On a date after the client had been served with the restraining order, he allegedly took to a public online customer-review website which readers would be very familiar with and posted a lengthy, derogatory review of the service provider’s skills and competence, encouraging other potential customers to go elsewhere.

 

The government filed charges against the client alleging that he violated the restraining order’s prohibition on harassment and intimidation by posting the online customer review. 

 

Our firm demurred from the complaint, which is permissible under California law prior to entering a guilty or not guilty plea, arguing that the contempt charge violated the client’s right to free speech under the First Amendment as applied to his conduct.

 

Our position focused on three related, but distinct, First Amendment doctrines which have been announced by the United States Supreme Court. First, a criminal statute which has the effect of restricting speech cannot be so vague as to leave a defendant unaware that his or her conduct was actually criminal.

 

For instance, statutes have been struck down which purport to criminalize speech which is “annoying,” or “opprobrious.” These terms are so vague that there is no objective, clear standard for which speech is criminal and which is not.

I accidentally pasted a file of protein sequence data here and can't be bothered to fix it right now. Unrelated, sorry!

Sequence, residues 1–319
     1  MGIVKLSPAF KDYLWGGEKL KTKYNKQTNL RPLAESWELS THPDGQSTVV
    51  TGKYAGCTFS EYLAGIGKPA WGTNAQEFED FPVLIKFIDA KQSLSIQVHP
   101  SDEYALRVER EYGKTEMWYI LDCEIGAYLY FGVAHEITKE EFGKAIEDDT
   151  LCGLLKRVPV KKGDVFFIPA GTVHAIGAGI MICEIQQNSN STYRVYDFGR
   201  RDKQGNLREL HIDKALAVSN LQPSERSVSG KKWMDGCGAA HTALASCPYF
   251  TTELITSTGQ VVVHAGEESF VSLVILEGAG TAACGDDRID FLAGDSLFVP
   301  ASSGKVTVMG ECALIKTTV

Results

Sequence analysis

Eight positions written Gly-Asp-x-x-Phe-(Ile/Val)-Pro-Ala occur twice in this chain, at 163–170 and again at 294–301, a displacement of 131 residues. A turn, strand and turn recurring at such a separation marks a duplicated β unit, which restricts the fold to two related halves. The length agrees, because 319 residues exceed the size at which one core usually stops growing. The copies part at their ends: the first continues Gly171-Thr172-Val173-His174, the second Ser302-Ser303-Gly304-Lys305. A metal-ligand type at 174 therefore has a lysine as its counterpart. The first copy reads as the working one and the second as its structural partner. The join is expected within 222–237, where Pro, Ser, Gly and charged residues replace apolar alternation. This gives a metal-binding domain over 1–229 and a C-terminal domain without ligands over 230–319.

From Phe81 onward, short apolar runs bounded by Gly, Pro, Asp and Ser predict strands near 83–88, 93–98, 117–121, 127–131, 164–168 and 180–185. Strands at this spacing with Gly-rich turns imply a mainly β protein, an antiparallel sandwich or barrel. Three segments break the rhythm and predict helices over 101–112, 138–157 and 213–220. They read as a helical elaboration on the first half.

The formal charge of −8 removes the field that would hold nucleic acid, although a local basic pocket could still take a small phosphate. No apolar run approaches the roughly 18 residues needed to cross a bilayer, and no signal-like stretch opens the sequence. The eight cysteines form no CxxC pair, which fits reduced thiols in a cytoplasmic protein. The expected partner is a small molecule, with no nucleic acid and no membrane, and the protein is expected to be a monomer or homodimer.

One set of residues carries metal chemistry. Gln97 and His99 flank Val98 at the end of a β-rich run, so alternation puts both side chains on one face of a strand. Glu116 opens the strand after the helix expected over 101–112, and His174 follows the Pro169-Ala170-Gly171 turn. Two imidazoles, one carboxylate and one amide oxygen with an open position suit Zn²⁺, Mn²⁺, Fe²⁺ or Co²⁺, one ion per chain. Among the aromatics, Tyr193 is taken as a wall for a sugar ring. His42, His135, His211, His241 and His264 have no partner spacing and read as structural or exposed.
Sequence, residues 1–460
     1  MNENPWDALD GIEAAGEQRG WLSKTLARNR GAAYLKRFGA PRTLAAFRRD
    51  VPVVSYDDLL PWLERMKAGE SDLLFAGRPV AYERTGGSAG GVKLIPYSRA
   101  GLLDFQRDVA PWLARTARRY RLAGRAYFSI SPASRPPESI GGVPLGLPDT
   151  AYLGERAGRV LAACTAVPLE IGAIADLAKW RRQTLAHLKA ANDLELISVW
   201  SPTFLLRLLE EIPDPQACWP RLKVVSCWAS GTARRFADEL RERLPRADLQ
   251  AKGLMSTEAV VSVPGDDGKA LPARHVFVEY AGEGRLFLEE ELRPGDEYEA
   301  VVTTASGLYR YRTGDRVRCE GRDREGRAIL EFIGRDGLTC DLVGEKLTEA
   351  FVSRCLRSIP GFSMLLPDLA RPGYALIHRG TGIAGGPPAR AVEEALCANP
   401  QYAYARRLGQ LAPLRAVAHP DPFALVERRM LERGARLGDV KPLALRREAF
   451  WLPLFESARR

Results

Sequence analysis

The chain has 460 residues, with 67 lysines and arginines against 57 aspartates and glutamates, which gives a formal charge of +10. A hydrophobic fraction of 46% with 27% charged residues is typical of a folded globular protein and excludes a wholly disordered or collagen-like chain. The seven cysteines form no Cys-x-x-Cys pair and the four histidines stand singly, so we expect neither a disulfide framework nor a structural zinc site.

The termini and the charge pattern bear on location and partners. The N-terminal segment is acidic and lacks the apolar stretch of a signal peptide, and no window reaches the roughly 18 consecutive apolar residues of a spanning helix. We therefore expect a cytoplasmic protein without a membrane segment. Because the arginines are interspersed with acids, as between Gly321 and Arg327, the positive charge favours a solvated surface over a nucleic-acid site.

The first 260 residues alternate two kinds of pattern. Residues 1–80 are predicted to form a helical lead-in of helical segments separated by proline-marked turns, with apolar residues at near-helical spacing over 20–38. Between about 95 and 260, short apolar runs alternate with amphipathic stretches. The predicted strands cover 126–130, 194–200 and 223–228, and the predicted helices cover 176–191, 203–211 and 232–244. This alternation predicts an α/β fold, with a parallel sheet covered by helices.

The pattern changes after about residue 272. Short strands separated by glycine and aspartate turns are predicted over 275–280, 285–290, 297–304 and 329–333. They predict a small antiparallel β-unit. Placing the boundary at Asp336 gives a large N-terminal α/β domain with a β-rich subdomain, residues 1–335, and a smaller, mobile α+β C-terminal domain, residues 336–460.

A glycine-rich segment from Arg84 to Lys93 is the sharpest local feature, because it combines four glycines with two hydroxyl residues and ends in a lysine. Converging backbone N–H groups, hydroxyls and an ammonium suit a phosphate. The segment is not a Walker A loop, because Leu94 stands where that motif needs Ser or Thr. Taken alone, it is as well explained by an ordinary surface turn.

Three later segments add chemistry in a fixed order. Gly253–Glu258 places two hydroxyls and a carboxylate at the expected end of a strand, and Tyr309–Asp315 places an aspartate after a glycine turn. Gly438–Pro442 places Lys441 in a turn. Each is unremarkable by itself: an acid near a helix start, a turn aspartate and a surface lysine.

Similar to the vagueness doctrine, the overbreadth doctrine allows a court to strike down a statute which allows law enforcement to selectively arrest some individuals for speech activity while leaving others alone. Essentially, a statute is overbroad where its terms allow enforcement against a substantial amount of constitutionally protected speech, even though some legitimately unlawful conduct is also prohibited.

 

Content Based Restrictions of Speech

Finally, our restraining order case presented an instance of content-based restriction of speech. Content-based restrictions are viewed with more skepticism by courts than content-neutral ones, which only prohibit speech by time, place, and manner. 

 

For instance, a statute stating that no one may make loud amplified speeches on the doorstep of a courthouse would likely be upheld as it leaves open ample alternative channels for communication and restricts only the place and manner (on the courthouse steps, at a very loud volume) of the speech, but not the content. 

 

Conversely, a statute which made it a crime to speak any words critical of the justice system near the courthouse would almost certainly be struck down as an unjustifiable content-based restriction.

 

Contact our Law Firm for Help

First Amendment law is complex and continues to evolve.  As stated above, the majority of criminal prosecutions don’t implicate the First Amendment. Therefore, many criminal defense lawyers don’t recognize potential legal defenses. If you, or someone you know, is charged with a crime which may implicate the free speech protections of the federal Constitution, we encourage you to each out to our experienced criminal defense attorneys for a consultation.

 

We have long track record of success defending clients against all type of California state and federal crimes. We need to first review the specific details of your case in order to determine legal options. Contact our law firm at 877-781-1570.

 

Eisner Gorin LLP
1875 Century Park E #705
Los Angeles, CA 90067
310-328-3776